Fans abound for 'Door-knocking Code of Ethics'

Thursday, July 30, 2009

IRVING, Texas—ADT chief legal officer David Bleisch’s call last week for a ‘door-knocking code of ethics’ struck a chord with some who believe a code would be beneficial.

Jeremy Pixton, owner of Platinum Protection, one of the larger summer-model security companies called the idea “long overdue.”

“Ultimately every company in our industry has the same goal to satisfy our customers while protecting their homes and families. But unfortunately the door-to-door industry is riddled with stories about sales reps who don't share the same goal,” Pixton said. “Even though Platinum has focused on training our sales reps to sell ethically, adopting an industry-wide code of ethics can only help us achieve more, and we would love to help however we can.”

The NBFAA last April updated its code of ethics (find it here), which addresses sales presentations and employee training in a general way, but does not talk specifically about door-to-door sales. NBFAA president Mike Miller called Bleisch’s idea “a powerful suggestion.” He added: “the NBFAA would like to help where it can … to help bring a solution [to the problems associated with door-to-door sales] to the industry,” said Mike Miller, president of the NBFAA.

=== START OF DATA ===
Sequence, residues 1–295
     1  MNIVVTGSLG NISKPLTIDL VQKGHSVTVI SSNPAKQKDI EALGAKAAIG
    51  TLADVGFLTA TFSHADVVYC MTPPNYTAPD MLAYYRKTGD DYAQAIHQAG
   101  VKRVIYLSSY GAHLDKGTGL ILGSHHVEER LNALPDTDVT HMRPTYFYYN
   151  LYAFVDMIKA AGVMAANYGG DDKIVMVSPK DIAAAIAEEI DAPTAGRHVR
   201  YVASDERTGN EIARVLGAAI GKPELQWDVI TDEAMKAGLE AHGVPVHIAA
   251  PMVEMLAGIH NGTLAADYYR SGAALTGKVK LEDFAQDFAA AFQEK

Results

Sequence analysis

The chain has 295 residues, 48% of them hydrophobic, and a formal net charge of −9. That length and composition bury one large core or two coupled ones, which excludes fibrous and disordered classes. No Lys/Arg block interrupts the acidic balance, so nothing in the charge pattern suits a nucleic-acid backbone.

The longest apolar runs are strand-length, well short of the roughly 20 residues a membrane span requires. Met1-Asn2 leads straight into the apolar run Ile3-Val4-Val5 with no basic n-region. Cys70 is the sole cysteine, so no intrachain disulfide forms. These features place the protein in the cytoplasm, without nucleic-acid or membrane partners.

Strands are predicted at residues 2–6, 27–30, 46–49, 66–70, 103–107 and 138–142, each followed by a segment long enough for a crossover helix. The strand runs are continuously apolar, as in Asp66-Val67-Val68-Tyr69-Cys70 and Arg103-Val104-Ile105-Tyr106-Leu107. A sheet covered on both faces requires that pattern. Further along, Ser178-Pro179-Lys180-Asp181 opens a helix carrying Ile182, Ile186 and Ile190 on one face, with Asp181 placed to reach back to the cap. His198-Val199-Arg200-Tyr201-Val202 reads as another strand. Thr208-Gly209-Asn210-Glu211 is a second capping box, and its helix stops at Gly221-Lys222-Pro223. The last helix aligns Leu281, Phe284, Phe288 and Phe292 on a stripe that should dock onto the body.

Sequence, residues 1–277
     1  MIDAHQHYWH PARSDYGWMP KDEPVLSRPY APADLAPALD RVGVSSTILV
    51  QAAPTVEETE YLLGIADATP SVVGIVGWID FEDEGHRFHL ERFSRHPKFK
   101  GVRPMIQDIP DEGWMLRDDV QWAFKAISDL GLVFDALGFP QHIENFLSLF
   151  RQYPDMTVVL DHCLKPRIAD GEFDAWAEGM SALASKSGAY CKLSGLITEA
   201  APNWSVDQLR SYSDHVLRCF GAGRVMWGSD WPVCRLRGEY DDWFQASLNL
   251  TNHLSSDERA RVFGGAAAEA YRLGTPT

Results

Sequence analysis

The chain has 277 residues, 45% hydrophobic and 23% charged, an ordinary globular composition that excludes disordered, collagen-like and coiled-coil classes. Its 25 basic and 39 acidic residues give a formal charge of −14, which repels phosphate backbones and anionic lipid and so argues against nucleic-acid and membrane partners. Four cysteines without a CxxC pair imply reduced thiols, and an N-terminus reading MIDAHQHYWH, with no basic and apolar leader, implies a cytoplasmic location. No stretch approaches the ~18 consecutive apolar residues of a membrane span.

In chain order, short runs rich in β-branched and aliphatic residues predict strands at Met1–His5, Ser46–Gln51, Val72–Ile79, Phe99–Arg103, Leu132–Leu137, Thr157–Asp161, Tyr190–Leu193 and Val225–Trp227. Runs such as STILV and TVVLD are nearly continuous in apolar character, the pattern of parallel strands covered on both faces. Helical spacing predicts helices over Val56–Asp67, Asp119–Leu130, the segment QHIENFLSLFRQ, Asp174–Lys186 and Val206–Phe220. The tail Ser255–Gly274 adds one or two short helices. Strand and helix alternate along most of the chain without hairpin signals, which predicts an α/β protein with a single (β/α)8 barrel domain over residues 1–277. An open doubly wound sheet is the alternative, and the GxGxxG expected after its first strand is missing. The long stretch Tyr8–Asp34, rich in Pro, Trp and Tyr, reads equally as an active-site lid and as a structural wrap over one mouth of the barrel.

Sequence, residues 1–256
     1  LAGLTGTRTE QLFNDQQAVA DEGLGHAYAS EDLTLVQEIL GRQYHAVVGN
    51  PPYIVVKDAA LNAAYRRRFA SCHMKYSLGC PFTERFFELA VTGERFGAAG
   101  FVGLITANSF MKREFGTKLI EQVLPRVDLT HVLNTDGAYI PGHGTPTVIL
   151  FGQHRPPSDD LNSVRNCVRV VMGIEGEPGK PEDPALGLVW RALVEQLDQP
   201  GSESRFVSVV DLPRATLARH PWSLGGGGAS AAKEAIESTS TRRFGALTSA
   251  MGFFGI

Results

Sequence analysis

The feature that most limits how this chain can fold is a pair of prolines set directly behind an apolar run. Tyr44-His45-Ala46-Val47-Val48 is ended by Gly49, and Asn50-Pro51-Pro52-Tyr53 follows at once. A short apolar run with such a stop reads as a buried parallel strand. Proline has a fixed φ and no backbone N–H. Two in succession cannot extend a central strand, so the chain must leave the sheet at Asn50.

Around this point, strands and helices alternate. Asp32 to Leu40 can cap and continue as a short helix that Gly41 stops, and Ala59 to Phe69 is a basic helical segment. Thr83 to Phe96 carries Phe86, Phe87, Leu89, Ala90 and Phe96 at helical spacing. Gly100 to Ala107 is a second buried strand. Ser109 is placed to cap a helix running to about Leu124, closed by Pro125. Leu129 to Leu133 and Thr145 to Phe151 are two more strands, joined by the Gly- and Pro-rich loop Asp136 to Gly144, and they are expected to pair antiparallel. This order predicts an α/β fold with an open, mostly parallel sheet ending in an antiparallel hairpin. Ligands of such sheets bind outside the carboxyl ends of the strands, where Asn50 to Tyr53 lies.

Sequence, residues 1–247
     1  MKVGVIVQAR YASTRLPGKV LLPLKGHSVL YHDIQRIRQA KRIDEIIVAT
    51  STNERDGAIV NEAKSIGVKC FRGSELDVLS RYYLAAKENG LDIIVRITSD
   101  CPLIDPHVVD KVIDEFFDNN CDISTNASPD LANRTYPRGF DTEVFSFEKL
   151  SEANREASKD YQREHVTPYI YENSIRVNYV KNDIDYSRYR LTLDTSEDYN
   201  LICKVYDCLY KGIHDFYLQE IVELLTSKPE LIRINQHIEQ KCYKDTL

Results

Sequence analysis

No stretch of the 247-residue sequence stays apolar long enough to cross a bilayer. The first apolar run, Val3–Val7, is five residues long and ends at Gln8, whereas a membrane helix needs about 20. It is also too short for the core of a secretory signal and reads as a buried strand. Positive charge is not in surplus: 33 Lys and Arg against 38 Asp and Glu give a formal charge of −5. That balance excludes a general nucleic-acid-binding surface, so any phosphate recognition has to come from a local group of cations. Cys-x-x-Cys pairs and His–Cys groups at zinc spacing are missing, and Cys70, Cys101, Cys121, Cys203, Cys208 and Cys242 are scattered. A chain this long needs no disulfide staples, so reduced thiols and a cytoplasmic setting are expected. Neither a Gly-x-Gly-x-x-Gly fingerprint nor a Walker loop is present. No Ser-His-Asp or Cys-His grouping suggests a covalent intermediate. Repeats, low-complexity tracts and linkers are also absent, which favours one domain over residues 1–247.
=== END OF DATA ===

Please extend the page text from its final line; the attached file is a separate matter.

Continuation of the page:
Miller said that enforcement of a code of ethics is not something within the purview of the NBFAA, but said another entity, such as a coalition of companies, may be able to address compliance with a code of ethics.

Bleish’s suggestion came about as the result of lawsuits that ADT has filed against several door-to-door salespeople who ADT says used deceptive sales tactics. See the full story here.  Monitronics, which is also suing several door-to-door sales people, also indicated its support for a code of ethics.